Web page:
Thailand campaign on illegal ivory: consumers warned “Buy Ivory, Buy Trouble”
Suvarnabhumi International Airport, Thailand, 3rd March, 2010—Enforcement Authorities in Thailand today launched a “Buy Ivory, Buy Trouble” campaign today aimed at raising awareness of the illegal trade in elephant ivory items sold as souvenirs to holiday makers and others.
The Department of National Parks, Wildlife and Plant Conservation (DNP)—the Thai authority responsible for tackling illegal wildlife trade, has launched the campaign, in co-operation with the Airport Authority of Thailand (AOT) and the wildlife trade monitoring network TRAFFIC, targeting passengers travelling through Suvarnabhumi International Airport.
Elephants are threatened across much of their range because of poaching for the illegal ivory trade. Thailand was recently identified as one of the top three countries most highly implicated in the illicit ivory trade, and was the country of most concern in Asia.
The Royal Thai Customs Department has carried out a number of high profile seizures at Suvarnabhumi International Airport recently, netting hundreds of tusks, dried elephant tails and worked ivory. The latest was last week, of 239 African Elephant tusks, weighing an estimated 2 tonnes, and was reportedly the largest ivory seizure ever in the country.
Consumers fuel the illicit ivory trade through buying ivory products without realizing they are illegal.
“The government hopes this campaign will spread a strong and clear message to the public that they have an important role to play in ending the illegal ivory trade. We also hope that the campaign increases awareness and understanding of laws that govern the trade. Lastly, the Government is committed to catching and punishing illegal traders,” said Mr Suwit Khunkitti, the Minster of Natural Resources and Environment.
Mr Jatuporn Buruspat, Director General of DNP, also emphasized the need for good co-operation with other enforcement authorities such as the Royal Thai Customs Department, the Royal Thai Police and the Natural Resources and Environmental Crime Suppression Division.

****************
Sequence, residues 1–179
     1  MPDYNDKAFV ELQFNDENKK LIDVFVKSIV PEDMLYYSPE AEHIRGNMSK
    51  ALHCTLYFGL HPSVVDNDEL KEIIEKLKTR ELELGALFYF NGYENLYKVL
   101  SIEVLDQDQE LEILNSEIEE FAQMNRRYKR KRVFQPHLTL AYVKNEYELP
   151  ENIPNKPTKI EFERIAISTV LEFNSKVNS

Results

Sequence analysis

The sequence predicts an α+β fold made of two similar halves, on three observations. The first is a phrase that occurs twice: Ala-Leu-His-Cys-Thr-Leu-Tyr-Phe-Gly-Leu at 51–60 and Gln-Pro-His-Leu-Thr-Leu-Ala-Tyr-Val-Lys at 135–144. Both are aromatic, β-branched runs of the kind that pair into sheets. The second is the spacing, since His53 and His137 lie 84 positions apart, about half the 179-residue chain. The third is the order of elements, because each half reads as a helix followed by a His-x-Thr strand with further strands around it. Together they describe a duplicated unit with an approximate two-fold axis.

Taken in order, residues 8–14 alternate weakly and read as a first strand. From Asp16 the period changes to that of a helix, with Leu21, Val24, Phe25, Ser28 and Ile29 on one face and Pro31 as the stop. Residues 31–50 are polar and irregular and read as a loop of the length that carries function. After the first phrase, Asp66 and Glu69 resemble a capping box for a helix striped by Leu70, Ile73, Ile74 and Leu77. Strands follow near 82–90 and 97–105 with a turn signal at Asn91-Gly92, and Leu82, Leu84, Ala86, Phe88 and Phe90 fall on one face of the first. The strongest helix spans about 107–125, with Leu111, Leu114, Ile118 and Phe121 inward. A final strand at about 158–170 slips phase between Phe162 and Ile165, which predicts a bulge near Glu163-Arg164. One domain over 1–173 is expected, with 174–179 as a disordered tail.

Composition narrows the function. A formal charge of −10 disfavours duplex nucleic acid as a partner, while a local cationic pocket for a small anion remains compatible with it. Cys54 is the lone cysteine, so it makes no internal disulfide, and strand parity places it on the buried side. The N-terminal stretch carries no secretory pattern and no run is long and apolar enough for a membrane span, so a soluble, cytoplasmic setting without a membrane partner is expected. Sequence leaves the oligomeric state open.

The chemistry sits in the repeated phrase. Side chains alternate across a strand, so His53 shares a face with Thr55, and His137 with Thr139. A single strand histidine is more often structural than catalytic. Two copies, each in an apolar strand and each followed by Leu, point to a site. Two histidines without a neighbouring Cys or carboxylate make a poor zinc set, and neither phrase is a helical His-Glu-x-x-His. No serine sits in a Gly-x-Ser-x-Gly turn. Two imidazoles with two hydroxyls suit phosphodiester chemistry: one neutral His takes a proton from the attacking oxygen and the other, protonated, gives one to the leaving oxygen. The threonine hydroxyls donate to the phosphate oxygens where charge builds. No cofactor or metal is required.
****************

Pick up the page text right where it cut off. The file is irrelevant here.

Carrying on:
“Suvarnabhumi Airport authorities recognize the importance of wildlife conservation and in supporting activities to combat the illegal wildlife trade including the illicit trade in elephant ivory. As an important regional gateway to the rest of the world, we will do everything in our power to ensure wildlife traffickers think twice before trying to smuggle illegal goods through this airport. Finally, on behalf of Suvarnabhumi Airport: it is my sincere wish that this campaign reaches as many people as possible, in particular tourists and foreign visitors visiting Thailand,” said Mr Nirandra Theeranartsin, General Manager of Suvarnabhumi Airport.
The campaign includes an exhibition at Suvarnabhumi International Airport by the DNP and the distribution of brochures to inform the public, especially travelers and visitors, about the problem of ivory trade in Thailand. It also includes information about the laws that govern and control the trade.
The DNP will also distribute stickers featuring the warning message: “It is illegal to take ivory and other elephant products across international borders” to shops selling ivory products in Thailand, asking them to co-operate to distribute this message to locals and tourists.
“TRAFFIC applauds the work of the government thus far, and would be pleased to provide any necessary technical support to help Thailand fulfill its international obligations to tackle the illegal ivory trade and in the enforcement of strengthened national legislation”, said Chris Shepherd, Programme Officer with TRAFFIC Southeast Asia.
Four major ivory seizures have been recorded at Suvarnabhumi International Airport since November 2008:
• The first case involved a seizure of ivory worth 2.7 million Baht, from travelers entering Thailand on a Qatar Airways flight from Doha, on November 17, 2008.
• The second seizure was on January 6, 2009. Thai Royal Customs seized 463 elephant tusks weighing 898 kg and 13 pieces of dried elephant tails worth an estimated 26.47 million Baht from an Emirates flight from Dubai.
• The third case was on August 18, 2009. Thai Royal Customs found 316 pieces of elephant tusks hidden in seven crates weighing 812 kg on a Qatar airways flight from Doha. The seized items were valued at an estimated 20.31 million Baht.
• The most recent case, last week, involved 239 tusks weighing 2 tonnes and was said to have from Kenya via Dubai.